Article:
STUMBLING BLOCKS TO STEM WORKFORCE
STEM education grew out of the idea that science, technology, engineering and mathematics would be the backbone of the future economy. However, the fact that each of these letters is given equal billing in the acronym may mislead some to believe that they will be equally relevant to the future STEM workforce. With rapidly growing biomedical research, some may think that life sciences are going to make up a large chunk of new jobs. In reality, they are projected to only be four percent of the new STEM workforce. Mathematics will only be two percent, and physical sciences will account for nine percent of growth. The two largest fields, by far, will be engineering at 16 percent and computer science technology at 71 percent. In fact, two subfields in computer science software engineering and computer networking each make up a larger percent of the projected workforce growth than physical sciences, life sciences and mathematics combined. This is not to say that technology should be emphasized to the exclusion of other subjects in STEM education. Skills can be gained in the science and math classrooms that are applicable to a wide range of fields. But it should be noted that not every STEM degree will be equally marketable. There will be a much higher demand for computer and technology-related skills than for hard sciences. Understanding this can help policymakers and educators create STEM education opportunities that help expose students to critically needed skills while also helping to guide them towards fields that will experience the greatest amount of growth and need for new blood.
One area that raises concerns for the effectiveness of the STEM education pipeline is the geographic placement of STEM careers. While the Bureau of Labor Statistics projects a rise in the number of STEM jobs across the country over the next ten years, these numbers are highest in states with large urban population centers such as California, Texas and New York and lowest in rural settings like Wyoming, South Dakota and Alaska. However, population size is not the only predictor of STEM growth. Several areas, such as Washington state, Colorado and the District of Colombia are expected to have higher than average STEM growth. This data can be interpreted in two ways. First, it provides further proof that a solid STEM education is a true need in every part of the country because these jobs exist everywhere. However, it also shows that STEM openings may be geographically uneven.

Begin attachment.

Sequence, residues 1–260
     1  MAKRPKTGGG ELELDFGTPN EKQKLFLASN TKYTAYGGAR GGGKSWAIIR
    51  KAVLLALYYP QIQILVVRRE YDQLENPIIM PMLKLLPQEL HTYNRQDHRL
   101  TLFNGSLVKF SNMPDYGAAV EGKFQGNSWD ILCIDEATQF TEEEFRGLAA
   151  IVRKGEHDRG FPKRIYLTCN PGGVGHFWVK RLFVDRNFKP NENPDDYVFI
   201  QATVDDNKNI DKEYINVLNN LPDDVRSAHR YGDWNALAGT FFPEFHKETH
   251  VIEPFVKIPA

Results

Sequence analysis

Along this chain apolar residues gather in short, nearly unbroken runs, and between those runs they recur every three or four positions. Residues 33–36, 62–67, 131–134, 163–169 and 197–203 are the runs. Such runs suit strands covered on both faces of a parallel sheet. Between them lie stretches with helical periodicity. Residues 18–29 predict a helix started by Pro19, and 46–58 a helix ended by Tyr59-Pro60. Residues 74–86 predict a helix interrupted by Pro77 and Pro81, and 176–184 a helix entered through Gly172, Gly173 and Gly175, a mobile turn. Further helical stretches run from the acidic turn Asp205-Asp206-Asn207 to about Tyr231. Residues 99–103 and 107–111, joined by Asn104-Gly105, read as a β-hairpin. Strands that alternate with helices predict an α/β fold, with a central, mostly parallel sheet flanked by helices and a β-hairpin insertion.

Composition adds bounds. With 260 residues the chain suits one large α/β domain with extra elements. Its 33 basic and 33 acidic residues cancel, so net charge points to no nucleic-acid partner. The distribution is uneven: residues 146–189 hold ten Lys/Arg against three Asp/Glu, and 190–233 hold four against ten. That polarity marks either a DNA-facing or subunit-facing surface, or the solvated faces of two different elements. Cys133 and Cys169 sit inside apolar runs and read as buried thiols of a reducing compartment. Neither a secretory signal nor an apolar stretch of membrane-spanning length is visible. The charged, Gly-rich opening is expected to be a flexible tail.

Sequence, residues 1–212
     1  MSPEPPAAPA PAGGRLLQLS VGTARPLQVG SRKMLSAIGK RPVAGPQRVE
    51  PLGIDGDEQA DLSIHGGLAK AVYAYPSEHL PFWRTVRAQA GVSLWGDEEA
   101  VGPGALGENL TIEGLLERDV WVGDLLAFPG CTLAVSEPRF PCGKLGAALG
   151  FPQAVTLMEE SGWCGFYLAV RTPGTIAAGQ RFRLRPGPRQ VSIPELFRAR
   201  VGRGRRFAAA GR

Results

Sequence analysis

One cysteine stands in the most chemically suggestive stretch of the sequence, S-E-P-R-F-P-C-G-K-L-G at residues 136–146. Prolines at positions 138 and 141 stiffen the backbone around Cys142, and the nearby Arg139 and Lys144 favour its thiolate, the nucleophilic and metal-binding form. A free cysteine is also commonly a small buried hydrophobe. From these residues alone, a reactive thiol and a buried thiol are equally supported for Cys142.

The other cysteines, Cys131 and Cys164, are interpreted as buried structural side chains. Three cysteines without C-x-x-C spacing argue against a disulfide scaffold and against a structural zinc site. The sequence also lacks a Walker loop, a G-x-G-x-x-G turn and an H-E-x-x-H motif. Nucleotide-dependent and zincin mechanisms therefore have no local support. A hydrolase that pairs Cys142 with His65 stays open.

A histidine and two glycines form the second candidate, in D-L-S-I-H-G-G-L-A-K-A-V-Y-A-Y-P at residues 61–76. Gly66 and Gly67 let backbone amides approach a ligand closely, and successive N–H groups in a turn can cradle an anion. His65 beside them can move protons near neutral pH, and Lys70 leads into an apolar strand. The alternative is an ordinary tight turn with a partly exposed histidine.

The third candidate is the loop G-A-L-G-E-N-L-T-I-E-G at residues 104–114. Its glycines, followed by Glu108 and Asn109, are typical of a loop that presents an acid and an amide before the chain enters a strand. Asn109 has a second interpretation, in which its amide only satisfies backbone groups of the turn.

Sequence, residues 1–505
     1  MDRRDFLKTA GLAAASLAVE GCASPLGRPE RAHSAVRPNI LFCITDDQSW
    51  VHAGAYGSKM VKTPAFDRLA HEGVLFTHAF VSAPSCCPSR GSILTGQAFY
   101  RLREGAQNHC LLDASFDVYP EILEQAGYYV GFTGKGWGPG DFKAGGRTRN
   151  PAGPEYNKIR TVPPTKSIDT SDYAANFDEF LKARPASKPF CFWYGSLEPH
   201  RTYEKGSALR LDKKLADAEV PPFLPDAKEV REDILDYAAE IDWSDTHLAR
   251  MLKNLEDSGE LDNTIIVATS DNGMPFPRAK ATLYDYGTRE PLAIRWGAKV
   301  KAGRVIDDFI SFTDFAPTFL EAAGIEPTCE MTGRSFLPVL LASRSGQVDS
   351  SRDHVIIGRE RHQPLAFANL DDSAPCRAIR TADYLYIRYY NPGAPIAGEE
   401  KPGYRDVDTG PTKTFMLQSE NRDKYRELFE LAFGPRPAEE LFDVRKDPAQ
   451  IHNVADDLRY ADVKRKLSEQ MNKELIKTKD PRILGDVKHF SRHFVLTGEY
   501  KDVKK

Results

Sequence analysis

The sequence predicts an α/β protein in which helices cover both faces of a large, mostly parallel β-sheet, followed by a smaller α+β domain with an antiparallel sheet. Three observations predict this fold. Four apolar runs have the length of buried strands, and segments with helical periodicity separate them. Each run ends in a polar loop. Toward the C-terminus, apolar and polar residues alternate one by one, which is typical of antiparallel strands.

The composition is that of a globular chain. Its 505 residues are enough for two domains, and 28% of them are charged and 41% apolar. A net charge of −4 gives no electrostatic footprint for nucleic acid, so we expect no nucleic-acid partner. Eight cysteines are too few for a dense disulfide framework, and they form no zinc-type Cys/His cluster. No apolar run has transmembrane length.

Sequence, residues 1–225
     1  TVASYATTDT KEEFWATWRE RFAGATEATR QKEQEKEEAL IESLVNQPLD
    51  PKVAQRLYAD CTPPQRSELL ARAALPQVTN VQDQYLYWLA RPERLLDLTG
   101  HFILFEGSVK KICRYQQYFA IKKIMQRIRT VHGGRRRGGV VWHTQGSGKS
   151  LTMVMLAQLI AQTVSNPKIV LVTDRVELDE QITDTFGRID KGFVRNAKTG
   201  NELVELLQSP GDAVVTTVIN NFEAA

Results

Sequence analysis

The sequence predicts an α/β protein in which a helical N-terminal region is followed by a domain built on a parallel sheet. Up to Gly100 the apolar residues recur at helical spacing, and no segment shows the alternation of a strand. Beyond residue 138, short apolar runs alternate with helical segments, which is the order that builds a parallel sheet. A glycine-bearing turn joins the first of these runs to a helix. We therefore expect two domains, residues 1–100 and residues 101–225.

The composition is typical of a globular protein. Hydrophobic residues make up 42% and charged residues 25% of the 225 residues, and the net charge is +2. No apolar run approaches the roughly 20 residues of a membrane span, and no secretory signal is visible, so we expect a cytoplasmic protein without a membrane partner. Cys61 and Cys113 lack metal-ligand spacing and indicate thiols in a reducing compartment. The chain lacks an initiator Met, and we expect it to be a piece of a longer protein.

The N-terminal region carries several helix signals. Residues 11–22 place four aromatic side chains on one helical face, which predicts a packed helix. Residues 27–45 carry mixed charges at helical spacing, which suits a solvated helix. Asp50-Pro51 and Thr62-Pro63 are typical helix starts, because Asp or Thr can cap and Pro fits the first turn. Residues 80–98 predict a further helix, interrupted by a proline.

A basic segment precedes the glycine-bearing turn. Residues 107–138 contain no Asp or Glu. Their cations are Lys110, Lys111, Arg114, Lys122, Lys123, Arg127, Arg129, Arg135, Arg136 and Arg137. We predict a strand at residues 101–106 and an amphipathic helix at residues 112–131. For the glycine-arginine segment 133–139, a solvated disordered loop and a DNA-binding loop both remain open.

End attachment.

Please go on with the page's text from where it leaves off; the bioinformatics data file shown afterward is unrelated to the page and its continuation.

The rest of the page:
A reality of the modern workforce that will only become increasingly common in future years is that many people in specialized fields will have to move to find work or for advancement. Preparing students for this is a necessary part of getting them successfully through the STEM pipeline. Conversely, if students want to stay in a particular area, encouraging them to explore STEM opportunities that are prevalent to that region will assist them. After all, there is no point in studying to be a software engineer if the city a student wants to live in has no computer industry worth speaking of. Helping students target their ambitions towards their future goals with an eye towards geography can help them cull their options down to a more manageable list out of the vast array of opportunities that STEM education presents.
These issues show that the conversation about STEM education cannot be a one-size-fits-all approach that seeks to solve industry-wide problems with global solutions. Instead, STEM education priorities should be tailored towards meeting the geographic and industry needs of students and employers. This need for personalization does not preclude a national plan; nor, for that matter, does it promote state or locality-based education autonomy. Rather, it calls for a more nuanced view in providing students the precise skills that they will need to meet the rapidly expanding and changing STEM economy.